Tim Dorsey, who turned Florida's quirks into comic gold, dies at 62
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Tim Dorsey, who turned Florida's quirks into comic gold, dies at 62
Long before Florida Man became a meme, he mined the Sunshine State’s weirdness for enough material to fill 26 darkly funny crime novels.

by Clay Risen



NEW YORK, NY.- Tim Dorsey, who drew on his years as a crime reporter to fuel a second career writing a long series of darkly comic thrillers set along the back roads and back alleys of Florida’s weird, wild underbelly, died Nov. 26 at his home in Islamorada, a town in the Florida Keys. He was 62.

His daughter Erin Appleton-Dorsey confirmed the death. She said he had been in declining health.

Long before Florida Man became the Sunshine State’s unofficial mascot, there was Serge A. Storms, the antihero at the heart of Dorsey’s 26 novels, beginning with “Florida Roadkill” (1999).

Brilliant and high-strung, Serge is also a serial killer who channels his homicidal urges into taking out various baddies he encounters during a series of improbable adventures around Florida. He usually rolls in the company of Coleman, his semi-lucid friend whose proficiency with various narcotics is so well known that strangers ask him for autographs.

Dorsey gave his books comic titles that reflected the blend of Jimmy Buffett and Raymond Chandler that filled their interiors, including “The Big Bamboo” (2006), “Tropic of Stupid” (2021) and, most recently, “The Maltese Iguana” (2023).

He reveled in the diversity of Florida — the dog tracks and swamps around Miami, the Redneck Riviera along the Panhandle, the morass of state politics in Tallahassee, the nostalgic weirdness of the Keys.

His novel “Atomic Lobster” (2008), Dorsey said in an interview with Powell’s Books, was “the dissection of a Florida neighborhood populated almost entirely by degenerates, con men, the terminally dysfunctional, golf freaks, trophy wives, and prescription-abusing retirees in Buicks tying up traffic. In other words, a documentary.”

Some people considered Serge to be Dorsey’s alter ego, but he corrected them. Serge was, he said, his ego, living the kind of life and doing the sorts of things he would love to do if not constrained by conscience and the law.

They did have one thing in common. Like Serge, Dorsey was a sucker for Florida history and culture, the stranger the better.

He tracked down Jack Kerouac’s last residence, in St. Petersburg, after finding the address in an old phone book in a dusty library basement. (Dorsey was, indeed, the sort of person who hunted through dusty library basements.)

Dorsey drove to the house, scooped up a bag of dirt and drove away before the current owners could stop him.




“His obsession with Florida is totally me,” he said of Serge in an interview with Saw Palm, a literary journal. “He’s my mouthpiece on those things. I started putting that in the book and I kind of held back because I felt like I was being indulgent. I didn’t want to bore the reader by doing that.” But, he added, “I found out that it was a connection that I made.”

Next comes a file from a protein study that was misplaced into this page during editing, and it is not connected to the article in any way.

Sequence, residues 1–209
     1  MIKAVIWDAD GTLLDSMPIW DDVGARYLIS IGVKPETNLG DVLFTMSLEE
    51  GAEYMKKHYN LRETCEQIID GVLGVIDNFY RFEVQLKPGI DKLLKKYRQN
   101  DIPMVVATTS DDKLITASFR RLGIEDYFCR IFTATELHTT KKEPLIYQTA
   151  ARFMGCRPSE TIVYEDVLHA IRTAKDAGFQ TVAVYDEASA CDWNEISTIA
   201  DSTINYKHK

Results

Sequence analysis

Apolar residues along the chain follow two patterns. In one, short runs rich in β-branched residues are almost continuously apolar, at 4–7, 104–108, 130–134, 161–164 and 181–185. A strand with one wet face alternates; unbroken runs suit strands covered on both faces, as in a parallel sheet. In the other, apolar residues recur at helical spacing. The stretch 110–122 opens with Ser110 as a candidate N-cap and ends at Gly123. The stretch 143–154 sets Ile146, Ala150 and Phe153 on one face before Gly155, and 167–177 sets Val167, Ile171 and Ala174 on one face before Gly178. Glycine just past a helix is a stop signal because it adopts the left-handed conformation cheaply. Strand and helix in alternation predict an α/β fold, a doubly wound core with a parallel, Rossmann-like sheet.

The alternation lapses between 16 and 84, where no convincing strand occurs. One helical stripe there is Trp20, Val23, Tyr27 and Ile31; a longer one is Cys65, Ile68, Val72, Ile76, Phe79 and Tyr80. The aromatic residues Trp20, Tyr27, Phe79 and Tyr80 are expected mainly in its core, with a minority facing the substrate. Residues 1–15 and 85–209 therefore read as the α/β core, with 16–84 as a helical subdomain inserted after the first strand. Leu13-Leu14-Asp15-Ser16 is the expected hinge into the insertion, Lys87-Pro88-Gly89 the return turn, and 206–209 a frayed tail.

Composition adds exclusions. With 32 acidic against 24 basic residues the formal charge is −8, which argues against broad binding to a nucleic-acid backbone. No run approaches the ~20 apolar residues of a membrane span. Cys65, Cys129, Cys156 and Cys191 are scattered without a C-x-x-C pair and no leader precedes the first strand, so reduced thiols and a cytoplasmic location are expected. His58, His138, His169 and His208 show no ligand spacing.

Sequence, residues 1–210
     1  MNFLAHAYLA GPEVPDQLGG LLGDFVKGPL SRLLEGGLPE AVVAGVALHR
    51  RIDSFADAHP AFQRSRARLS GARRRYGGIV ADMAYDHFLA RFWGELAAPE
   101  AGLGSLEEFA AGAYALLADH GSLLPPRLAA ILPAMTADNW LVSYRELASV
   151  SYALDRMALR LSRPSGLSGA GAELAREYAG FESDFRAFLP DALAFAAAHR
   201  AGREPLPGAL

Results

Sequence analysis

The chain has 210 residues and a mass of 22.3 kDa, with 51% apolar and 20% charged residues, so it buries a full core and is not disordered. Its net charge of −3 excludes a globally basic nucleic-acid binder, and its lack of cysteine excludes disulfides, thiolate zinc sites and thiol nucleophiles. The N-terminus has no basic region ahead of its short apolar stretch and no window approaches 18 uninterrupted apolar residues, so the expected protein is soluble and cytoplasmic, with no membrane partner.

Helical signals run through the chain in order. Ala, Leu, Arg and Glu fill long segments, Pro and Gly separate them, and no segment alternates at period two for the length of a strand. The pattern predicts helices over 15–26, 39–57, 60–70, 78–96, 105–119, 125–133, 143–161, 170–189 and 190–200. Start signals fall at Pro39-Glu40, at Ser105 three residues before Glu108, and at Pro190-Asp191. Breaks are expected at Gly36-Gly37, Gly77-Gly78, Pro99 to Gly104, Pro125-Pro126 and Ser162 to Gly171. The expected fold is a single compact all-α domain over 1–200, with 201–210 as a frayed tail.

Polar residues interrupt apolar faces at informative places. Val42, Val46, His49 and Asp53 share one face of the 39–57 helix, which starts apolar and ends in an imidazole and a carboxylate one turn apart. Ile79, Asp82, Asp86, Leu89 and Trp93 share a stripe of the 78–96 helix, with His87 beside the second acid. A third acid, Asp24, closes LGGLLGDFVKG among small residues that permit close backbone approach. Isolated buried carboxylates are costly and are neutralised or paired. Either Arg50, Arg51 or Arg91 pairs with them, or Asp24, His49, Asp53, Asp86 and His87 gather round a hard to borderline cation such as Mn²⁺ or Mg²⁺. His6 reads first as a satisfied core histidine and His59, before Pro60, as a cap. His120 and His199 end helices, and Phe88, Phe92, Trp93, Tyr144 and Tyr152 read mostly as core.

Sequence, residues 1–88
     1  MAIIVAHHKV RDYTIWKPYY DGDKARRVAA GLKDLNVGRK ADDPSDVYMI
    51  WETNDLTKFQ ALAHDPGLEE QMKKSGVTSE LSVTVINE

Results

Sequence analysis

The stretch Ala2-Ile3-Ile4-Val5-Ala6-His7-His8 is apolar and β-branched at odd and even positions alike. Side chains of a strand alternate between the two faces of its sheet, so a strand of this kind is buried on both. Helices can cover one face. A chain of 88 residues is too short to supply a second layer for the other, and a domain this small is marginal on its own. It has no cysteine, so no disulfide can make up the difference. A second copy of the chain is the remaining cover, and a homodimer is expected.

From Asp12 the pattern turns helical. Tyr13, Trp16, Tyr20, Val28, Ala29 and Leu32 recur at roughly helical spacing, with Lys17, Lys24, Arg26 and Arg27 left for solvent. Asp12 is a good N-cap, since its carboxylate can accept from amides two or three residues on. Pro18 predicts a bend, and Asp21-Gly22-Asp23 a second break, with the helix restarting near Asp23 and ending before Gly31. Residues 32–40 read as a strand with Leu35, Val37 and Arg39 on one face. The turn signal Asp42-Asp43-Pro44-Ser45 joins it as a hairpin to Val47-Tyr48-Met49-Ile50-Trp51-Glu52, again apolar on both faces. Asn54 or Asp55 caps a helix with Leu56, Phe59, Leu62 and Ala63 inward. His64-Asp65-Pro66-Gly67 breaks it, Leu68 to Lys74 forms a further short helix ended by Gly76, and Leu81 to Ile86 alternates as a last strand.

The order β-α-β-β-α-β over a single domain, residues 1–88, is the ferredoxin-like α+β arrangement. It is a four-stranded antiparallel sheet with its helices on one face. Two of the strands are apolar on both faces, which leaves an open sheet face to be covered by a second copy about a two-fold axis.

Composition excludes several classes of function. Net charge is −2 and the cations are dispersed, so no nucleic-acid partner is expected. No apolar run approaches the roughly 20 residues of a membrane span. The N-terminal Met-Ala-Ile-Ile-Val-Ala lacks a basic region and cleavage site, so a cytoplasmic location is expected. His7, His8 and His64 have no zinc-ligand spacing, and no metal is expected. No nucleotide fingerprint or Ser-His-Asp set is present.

Timothy Alan Dorsey was born Jan. 25, 1961, in Logansport, a city in northern Indiana, although when he was a year old his parents — Fred Dorsey, a businessman, and Carol Anne (Morse) Dorsey — moved their family to Riviera Beach, on the southeast coast of Florida.

He attended Auburn University, in Alabama, where he studied transportation and edited the campus newspaper, The Plainsman. He graduated in 1983.

He spent the next 16 years as a journalist, first as a reporter in Montgomery for the Alabama Journal, which closed in 1993, and then as an editor and reporter for The Tampa Tribune, where his beat included crime and politics.

All along, he dreamed of writing novels. Even as he married and started a family, he spent long hours exploring Florida’s back roads and archives, absorbing the state’s official and unofficial history.

His marriage to Janine Losey ended in divorce. Along with his daughter Erin, he is survived by another daughter, Kelly Dorsey; his sister, Dinah Rankin; and his brother, Chris.

Dorsey poured everything he learned on and off the job into his books. Aside from his core characters and various plot twists, he said, much of his material was real, or at least inspired by reality. Serge, for instance, founds a religion based on Don Shula, a Hall of Fame former Miami Dolphins coach — which wasn’t far off from how many Floridians felt about the man.

Dorsey left journalism — and his last day job — in 1999, the same year he published “Florida Roadkill,” a murder thriller set against the backdrop of the 1997 World Series, four games of which were played in Miami.

“Like Carl Hiaasen on acid, Elmore Leonard on speedballs, this novel doesn’t let go from the first to the last page,” British novelist Mark Timlin wrote in a review of “Florida Roadkill” in The Independent. “I loved it.”

Dorsey did not develop as much national name recognition as Hiaasen or Dave Barry, both of them also journalists-turned-Florida novelists, but his fans were legion and avid. They came to his readings with Serge-themed T-shirts and tattoos and, over the years, organized Serge-themed festivals around the state, often in the sort of rural, swampy settings that filled Dorsey’s books.

Asked in the Powell’s Books interview for his idea of the good life, Dorsey said he was living it.

“I couldn’t write a better job description: Travel Florida wherever my curiosity leads me, talk to locals, venture down the most remote back roads,” he said. “Then come home and weave all the cool things I found — historic, obscure, funky — into seemingly outrageous crime plots that are but thinly veiled reflections of what fills our newspapers down here every day.”

This article originally appeared in The New York Times.










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